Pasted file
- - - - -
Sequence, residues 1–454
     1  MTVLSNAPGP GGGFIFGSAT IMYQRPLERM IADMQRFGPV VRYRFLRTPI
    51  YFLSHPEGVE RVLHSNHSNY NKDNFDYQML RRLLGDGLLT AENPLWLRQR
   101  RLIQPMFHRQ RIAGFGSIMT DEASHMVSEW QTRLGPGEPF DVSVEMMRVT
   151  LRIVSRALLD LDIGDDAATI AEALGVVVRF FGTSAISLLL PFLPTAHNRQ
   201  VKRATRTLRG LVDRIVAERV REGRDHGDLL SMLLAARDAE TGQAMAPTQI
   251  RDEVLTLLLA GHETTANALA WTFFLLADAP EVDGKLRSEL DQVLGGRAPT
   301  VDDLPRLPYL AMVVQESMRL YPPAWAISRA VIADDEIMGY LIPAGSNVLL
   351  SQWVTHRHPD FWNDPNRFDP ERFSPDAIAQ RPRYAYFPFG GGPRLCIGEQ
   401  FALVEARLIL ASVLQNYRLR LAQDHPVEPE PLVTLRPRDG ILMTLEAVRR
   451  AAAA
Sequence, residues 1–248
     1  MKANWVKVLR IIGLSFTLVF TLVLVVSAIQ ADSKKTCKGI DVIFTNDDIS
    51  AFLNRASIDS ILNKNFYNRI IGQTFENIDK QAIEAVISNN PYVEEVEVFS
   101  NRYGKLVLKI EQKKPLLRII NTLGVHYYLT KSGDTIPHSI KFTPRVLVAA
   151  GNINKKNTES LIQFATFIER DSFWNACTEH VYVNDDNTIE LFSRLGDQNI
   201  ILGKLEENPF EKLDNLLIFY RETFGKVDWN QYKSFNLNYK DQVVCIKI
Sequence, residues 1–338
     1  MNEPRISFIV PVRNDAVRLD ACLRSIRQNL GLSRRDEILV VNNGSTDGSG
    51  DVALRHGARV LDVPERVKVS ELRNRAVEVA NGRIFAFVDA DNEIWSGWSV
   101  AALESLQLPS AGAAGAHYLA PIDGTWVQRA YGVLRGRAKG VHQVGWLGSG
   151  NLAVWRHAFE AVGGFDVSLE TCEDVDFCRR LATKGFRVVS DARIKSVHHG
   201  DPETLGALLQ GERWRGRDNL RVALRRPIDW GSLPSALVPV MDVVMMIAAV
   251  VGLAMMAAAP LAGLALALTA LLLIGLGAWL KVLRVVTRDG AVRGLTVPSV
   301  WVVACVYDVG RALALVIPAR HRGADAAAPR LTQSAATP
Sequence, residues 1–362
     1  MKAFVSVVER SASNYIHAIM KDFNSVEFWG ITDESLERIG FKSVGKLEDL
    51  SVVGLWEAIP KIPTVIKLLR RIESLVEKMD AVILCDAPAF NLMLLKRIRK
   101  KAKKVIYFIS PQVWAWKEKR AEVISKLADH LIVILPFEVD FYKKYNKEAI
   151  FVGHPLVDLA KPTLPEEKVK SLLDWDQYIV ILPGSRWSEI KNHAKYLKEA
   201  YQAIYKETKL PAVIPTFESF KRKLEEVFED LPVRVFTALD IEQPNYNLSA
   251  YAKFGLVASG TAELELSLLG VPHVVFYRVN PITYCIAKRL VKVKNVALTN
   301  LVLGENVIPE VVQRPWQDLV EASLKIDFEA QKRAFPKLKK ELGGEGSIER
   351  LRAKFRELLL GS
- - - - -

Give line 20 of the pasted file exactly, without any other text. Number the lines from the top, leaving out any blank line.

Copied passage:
    51  DVALRHGARV LDVPERVKVS ELRNRAVEVA NGRIFAFVDA DNEIWSGWSV